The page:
Nicolas Roche: 'I knew it wasn't going to be my day when I locked myself in the loo. I'm really p***** off'
Wednesday, July 12, Stage 11: Albertville -- La Toussuire -- Les Sybelles 148km
I suppose I should have known today wasn't exactly going to be my day when it started off with me locking myself in the loo on the team bus before the stage start. Normally when you lock the loo door on the bus, the lights come on automatically, but this morning nothing happened.
An effort to open it again failed due to an electrical fault or something and as our bus driver had gone for a walk around the Tour village while we were getting dressed, I ended up sitting in the dark for about 10 minutes as my team-mates slagged me while they got changed for the start.
Today's stage was pretty savage, with two Hors Category climbs and one second-category mountain before the first-category finish at La Toussuire. Climbs on the Tour were first categorised almost 100 years ago according to whatever gear the race director's car could get up them in. For instance, the hardest first-category climb could only be driven up in first gear and so on.
Nowadays, they have climbs such as the Col de Madeleine and the Col de la Croix Fer, which are so hard that they are deemed Hors Category or 'beyond categorisation'. As it happened, we rode up both of those, with the 26km long Col de Madeleine coming just 14km after the start. My cousin Dan (Martin) and I had a quick chat at the start and he told me he was planning to attack here and soon he was going clear in a 30- strong group.
I got over the top in pretty good shape, near the front of the peloton and was well placed coming to the foot of the next mountain, the 20km long Croix de Fer. With the breakaway around four minutes up the road and Sky's Edvald Boasson Hagen setting a steady tempo on the front of the peloton for his team leader and yellow jersey Bradley Wiggins, everything was going pretty well until last year's winner Cadel Evans attacked and rode up to his BMC team-mate Tejay van Garderen, who had gone clear a kilometre or so earlier.
Sometimes you just go from feeling okay to not feeling okay. There's no in between. With about 70km left in the stage and two and a half mountains still to be ridden, the reaction from Sky saw me struggle to hold the pace and I began to drift towards the back of the group, which was beginning to whittle down rapidly, with more riders getting dropped just ahead of me.
Because it was so early in the stage, I really dug in to try and stay in contact. I hung on for a little while, but when I blew, I just exploded. I can't really explain the feeling. You're climbing at 16kph and you're fine, then the pace goes up to 18kph and you can't follow it. You just change from one zone to another and you're gone.
It was still a long way to the top and I only had team-mate Mikael Cherel alongside me until Blel Kadri -- who had been dropped from the leading break on the climb -- noticed I wasn't with the yellow jersey group as they passed him and waited for me on the climb. We tried to keep a good rhythm to the top before Mikael and I did a really crazy descent to get back onto the group. Mikael almost crashed on the way down, overshooting a corner and ending up on a back road.
We caught Basso, Valverde and Weening, who had also been dropped by the breakaway and passed by the yellow jersey group, but they left us to chase, eventually catching the yellow jersey group with 40km to go, right at the bottom of the second category Col du Mollard.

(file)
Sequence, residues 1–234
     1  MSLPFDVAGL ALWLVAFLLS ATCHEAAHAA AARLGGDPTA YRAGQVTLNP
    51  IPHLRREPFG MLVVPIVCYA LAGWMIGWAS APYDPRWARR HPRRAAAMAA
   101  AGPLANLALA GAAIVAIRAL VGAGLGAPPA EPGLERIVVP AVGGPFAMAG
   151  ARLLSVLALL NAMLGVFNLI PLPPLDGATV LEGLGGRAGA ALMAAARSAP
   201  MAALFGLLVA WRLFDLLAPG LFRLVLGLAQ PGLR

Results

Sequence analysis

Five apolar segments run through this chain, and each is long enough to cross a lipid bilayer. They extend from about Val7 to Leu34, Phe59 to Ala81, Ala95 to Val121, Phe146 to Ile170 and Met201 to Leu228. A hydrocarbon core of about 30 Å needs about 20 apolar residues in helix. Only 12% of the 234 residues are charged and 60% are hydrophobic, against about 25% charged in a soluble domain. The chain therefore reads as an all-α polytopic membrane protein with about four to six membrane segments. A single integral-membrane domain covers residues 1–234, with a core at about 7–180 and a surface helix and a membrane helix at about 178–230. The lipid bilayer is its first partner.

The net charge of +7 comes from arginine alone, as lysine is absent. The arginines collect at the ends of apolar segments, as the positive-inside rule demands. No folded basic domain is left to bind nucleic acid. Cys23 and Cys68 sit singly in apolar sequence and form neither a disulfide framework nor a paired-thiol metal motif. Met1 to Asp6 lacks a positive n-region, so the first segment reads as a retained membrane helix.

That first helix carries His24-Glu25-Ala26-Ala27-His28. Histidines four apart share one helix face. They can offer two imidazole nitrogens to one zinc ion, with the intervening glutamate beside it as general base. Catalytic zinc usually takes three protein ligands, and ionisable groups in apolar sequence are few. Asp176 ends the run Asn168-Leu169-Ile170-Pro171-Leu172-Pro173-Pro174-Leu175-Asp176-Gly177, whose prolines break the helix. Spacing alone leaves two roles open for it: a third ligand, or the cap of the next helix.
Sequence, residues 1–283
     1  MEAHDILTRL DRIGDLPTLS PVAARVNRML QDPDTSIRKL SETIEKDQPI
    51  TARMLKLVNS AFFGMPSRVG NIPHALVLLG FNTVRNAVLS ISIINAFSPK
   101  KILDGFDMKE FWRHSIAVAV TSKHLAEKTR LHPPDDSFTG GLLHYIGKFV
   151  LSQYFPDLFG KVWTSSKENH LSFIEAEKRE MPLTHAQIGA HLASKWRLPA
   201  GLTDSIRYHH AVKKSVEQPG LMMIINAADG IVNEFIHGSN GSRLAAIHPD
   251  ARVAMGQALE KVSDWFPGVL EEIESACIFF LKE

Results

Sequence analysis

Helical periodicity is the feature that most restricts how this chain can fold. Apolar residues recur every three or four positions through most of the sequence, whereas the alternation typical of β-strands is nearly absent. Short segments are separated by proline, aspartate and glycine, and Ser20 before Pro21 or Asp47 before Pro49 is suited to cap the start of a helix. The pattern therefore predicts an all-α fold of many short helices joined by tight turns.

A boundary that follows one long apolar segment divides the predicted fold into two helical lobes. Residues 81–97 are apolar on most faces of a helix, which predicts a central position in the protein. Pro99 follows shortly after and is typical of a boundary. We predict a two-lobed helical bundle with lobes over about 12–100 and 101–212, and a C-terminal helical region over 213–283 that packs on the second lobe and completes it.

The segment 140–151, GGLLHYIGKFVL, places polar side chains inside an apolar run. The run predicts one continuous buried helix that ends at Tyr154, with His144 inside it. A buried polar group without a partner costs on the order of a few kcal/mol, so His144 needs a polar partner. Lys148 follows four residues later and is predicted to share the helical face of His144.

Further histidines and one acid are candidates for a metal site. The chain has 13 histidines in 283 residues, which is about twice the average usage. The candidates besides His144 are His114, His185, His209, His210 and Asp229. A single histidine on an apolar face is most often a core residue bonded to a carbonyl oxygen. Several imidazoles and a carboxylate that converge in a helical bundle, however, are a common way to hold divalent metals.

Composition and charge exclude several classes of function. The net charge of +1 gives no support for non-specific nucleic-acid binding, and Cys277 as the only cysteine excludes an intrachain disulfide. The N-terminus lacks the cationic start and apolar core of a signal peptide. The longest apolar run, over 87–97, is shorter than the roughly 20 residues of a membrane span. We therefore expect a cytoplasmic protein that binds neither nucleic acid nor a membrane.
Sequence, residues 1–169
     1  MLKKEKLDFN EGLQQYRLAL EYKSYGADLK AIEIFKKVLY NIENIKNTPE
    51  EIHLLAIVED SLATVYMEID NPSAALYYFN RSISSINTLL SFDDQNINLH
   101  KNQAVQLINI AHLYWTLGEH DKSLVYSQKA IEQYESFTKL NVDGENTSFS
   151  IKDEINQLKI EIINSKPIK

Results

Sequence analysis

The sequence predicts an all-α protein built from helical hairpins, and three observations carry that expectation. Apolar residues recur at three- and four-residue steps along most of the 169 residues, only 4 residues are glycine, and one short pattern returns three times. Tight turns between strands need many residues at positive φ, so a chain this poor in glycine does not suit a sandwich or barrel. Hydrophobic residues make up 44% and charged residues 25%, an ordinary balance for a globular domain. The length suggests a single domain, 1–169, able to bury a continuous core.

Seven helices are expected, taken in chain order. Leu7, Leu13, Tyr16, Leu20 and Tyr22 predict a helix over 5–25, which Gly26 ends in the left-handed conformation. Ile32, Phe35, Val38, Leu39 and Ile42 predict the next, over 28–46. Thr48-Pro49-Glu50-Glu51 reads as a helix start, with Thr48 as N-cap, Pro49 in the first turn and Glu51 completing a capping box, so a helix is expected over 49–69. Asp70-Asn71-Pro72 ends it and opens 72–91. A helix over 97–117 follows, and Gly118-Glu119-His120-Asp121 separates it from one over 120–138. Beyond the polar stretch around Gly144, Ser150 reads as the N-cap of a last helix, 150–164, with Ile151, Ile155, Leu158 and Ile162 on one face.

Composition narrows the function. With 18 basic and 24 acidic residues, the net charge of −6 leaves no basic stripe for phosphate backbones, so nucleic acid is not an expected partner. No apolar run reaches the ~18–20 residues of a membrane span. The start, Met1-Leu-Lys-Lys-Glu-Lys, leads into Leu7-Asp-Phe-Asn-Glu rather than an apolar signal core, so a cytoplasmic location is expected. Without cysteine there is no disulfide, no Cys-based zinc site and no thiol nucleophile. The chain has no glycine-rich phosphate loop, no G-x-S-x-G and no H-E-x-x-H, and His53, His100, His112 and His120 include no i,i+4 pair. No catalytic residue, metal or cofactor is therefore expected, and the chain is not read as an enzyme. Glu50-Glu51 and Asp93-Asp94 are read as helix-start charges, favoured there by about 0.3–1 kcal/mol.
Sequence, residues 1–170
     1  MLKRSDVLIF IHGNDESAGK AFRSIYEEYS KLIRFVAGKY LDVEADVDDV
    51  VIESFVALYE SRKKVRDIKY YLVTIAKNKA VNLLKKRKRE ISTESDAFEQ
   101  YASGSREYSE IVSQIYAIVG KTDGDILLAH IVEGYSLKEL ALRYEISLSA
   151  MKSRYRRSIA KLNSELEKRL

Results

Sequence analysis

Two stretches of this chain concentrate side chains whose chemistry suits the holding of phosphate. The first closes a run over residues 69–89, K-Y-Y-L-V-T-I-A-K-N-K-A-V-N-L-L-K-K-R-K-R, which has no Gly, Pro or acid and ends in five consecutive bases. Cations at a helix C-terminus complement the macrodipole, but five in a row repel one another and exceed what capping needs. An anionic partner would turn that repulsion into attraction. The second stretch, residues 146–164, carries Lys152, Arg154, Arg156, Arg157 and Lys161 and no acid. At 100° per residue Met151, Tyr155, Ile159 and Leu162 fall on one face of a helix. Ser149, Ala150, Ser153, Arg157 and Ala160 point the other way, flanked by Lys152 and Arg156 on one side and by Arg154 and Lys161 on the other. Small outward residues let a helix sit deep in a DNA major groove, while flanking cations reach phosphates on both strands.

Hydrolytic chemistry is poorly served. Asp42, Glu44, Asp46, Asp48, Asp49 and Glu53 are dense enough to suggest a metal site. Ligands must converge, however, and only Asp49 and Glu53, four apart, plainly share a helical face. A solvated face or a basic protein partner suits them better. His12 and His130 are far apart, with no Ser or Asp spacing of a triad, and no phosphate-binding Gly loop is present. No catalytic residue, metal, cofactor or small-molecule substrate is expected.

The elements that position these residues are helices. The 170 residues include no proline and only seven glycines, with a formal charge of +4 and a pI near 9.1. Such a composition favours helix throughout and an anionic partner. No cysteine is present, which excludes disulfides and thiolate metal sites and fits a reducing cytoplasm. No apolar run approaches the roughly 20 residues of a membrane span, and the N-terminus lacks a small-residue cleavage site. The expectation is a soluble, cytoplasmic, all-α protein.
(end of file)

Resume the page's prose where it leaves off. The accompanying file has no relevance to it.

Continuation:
With Evans finally reeled in, Sky set a steadier tempo on the climb and I survived the 5km ascent with the group, but was wary as we descended towards the finish at La Toussuire. I know the climb like the back of my hand as I've done it at least 15 times in the last few years on team training camps here, but I knew on the Croix de Fer that if I managed to regain contact with the favourites group, it was going to be very difficult to hang on.
As the breakaways fell to pieces up the road, we passed a bedraggled- looking Dan right at the bottom of the final climb. I knew I was going to blow up sometime, but I was hoping it would be in the last 5km rather than with around 11km to go when Vincenzo Nibali attacked. Already riding at my limit, the sudden surge of pace meant I couldn't respond at all and I was dropped again.
A few metres later, a group containing Chris Horner, Haimar Zubeldia and Andreas Kloden of Radioshack and a couple of others went out the back door, as they had also done on the Croix de Fer. Zubeldia had begun the stage just three places ahead of me on the GC and I had based my climb on trying to stay with him. I was trying to keep them a few metres ahead, but I could see the cars in front of me going away and soon I was left on my own in a tunnel of pain.
Dragging my bike through a wall of noise, I finished 19th on the stage (Dan finished 33rd to take up 51st place overall), but I had lost almost two and a half minutes to Zubeldia's group and, more importantly, five minutes and 14 seconds to the yellow jersey group. I lost more time today than I have in the whole first 10 days of the Tour and I am now almost 11 minutes down on race leader Wiggins.
I'm really p***** off. I really thought I was capable of better today.
It's not all bad, though, I'm still 13th overall and now that I am so far down time wise, I will have a bit more freedom to go in breakaways and will be able to ride aggressively. Tomorrow's stage begins with two first-category climbs and having checked it out with the team back in May I know it's going to be more pain, so I will probably have to wait until the Pyrenees to do something.
Morale in the team isn't great, but I haven't seen much of anybody yet because my day is ending much the same as it began, with me locked in a toilet, this time trying to pee for a dope test. As they might say in France: "Oh well, no piss for ze wicked!"
Tour de France
Live, TG4/ITV 4/Eurosport 12.0